Growing up incredibly skilled with social media and smartphones, in a world complicated by financial crisis and conflicts, Arab Millennials are a complex generation. They are also arguably the most misunderstood generation in Arab history. By matching reality with the myths, we can start on the road to marketing to them:
Lazy? As per a recent report, 63% of business owners evaluated by a bank in the Middle East were aged 35 or less, with an average workday of 12.5 hours. That is the highest percentage of millennial entrepreneurs in the world, working more than two hours beyond the global average of Millennial Entrepreneurs. Millennial employees are also willing to sacrifice at work more than any other generation by working harder, longer, and taking fewer vacations. Millennials very quickly think they are irreplaceable to the company, and if companies can augment this sentiment by giving Millennials a purpose beyond profit, they are capable of being the hardest workers on the team.
Simply don’t care? Millennials are a generation that has grown up with social media. This means they are the first generation that has grown up with two different versions of reality. There is the official version from media and authorities, and another version from the virtual conversations around them. It is not that they do not care, it is more like they are wary of many truths and dogmas that the generation before them took for granted. This wariness can come across as not caring.
Entitled and impatient? There is a narrative that because of generous state policies or a misplaced sense of entitlement, Arab Millennials unrealistically expect to land a comfortable secure job and reach a managerial level in a short time. This completely misses the point. Yes, Millennials expect and want quick success, but this is because they live in times of watching college dropouts become millionaires! They don’t think they’re entitled, rather they demand opportunities that will help them succeed where they can show their mettle.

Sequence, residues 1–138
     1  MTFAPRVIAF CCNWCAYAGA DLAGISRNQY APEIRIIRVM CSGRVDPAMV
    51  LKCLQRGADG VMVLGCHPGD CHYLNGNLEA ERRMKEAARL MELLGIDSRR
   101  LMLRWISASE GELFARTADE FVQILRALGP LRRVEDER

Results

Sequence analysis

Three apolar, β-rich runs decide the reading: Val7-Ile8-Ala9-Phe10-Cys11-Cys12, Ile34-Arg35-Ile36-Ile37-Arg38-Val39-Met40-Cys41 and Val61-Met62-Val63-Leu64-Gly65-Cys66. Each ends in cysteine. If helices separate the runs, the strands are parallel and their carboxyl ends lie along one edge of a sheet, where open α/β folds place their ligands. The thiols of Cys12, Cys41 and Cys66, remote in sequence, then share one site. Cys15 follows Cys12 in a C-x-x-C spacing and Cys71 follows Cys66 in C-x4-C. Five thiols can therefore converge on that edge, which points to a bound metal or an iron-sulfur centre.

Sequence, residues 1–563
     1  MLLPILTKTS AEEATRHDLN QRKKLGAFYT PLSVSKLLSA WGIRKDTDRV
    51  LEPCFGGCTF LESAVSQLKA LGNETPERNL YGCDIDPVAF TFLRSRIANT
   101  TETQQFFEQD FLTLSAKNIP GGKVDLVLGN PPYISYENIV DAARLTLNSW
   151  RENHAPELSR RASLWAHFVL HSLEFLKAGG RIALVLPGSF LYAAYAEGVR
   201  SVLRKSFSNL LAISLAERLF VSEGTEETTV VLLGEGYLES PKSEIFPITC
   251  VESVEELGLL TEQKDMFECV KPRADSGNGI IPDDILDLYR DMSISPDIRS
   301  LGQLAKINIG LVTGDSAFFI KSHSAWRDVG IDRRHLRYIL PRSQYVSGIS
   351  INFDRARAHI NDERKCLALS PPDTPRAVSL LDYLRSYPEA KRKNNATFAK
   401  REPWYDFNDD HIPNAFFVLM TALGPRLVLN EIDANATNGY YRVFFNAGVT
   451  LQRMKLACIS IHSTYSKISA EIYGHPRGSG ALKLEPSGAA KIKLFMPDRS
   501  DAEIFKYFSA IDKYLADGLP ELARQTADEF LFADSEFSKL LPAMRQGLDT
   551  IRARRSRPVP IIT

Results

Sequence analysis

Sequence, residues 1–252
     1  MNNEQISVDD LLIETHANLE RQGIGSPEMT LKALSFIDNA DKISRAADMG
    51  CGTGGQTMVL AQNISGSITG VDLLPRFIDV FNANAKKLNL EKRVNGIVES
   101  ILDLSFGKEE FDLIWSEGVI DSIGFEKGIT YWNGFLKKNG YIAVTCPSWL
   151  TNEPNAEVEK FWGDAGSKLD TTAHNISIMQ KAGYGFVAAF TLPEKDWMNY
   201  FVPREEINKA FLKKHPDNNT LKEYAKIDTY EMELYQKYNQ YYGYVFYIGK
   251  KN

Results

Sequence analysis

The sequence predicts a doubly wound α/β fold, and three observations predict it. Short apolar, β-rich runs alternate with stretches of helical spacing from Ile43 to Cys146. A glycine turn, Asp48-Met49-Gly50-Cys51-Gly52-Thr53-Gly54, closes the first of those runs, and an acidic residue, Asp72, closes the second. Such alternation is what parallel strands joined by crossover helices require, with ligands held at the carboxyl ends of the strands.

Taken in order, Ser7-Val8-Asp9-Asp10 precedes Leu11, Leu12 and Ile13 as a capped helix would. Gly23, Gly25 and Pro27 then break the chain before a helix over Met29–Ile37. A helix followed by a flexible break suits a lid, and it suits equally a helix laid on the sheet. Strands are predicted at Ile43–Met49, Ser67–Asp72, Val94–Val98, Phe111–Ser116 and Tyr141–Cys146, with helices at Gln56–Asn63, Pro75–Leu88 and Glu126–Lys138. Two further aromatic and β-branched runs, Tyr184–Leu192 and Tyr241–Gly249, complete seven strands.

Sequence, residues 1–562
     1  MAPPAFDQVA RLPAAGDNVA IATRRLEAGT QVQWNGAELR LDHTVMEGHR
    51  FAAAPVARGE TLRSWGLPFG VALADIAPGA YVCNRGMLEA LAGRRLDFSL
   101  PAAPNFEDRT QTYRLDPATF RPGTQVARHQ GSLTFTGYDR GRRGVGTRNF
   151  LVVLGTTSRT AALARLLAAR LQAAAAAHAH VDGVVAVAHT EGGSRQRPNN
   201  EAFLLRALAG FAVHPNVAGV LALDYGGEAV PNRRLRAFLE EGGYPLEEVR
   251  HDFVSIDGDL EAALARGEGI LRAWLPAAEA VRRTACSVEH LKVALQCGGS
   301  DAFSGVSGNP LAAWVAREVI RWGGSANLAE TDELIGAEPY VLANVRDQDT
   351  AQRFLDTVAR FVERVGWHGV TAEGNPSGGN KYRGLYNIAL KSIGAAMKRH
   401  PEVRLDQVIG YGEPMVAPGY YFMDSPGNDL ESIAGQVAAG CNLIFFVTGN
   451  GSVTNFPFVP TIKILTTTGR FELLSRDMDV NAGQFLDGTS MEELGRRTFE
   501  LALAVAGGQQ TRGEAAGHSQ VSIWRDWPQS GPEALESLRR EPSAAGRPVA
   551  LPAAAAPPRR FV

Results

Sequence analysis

They have grown up in a culture of “instant gratification” which is mistaken for impatience. There’s an app for everything! Understanding this instant gratification is key to designing their UX and selling them products.
Can’t manage pressure? This is simply wrong. Maintaining multiple social personas combined with real-world pressures means they are exposed to more pressure and learn to cope with them at an earlier age. Social skills to use in the workplace, empathy and mindfulness needed for collaboration are more important now than ever, and Arab Millennials are armed to the teeth in them.
Narcissistic? They are a multiscreen generation who has grown up on social media with curated identities. They are judging and being judged every second – This adds stress to an already tense young adult, yet they were not taught any formal coping mechanisms. So, because they can often learn empathy in group environments late, they can appear uncaring of others.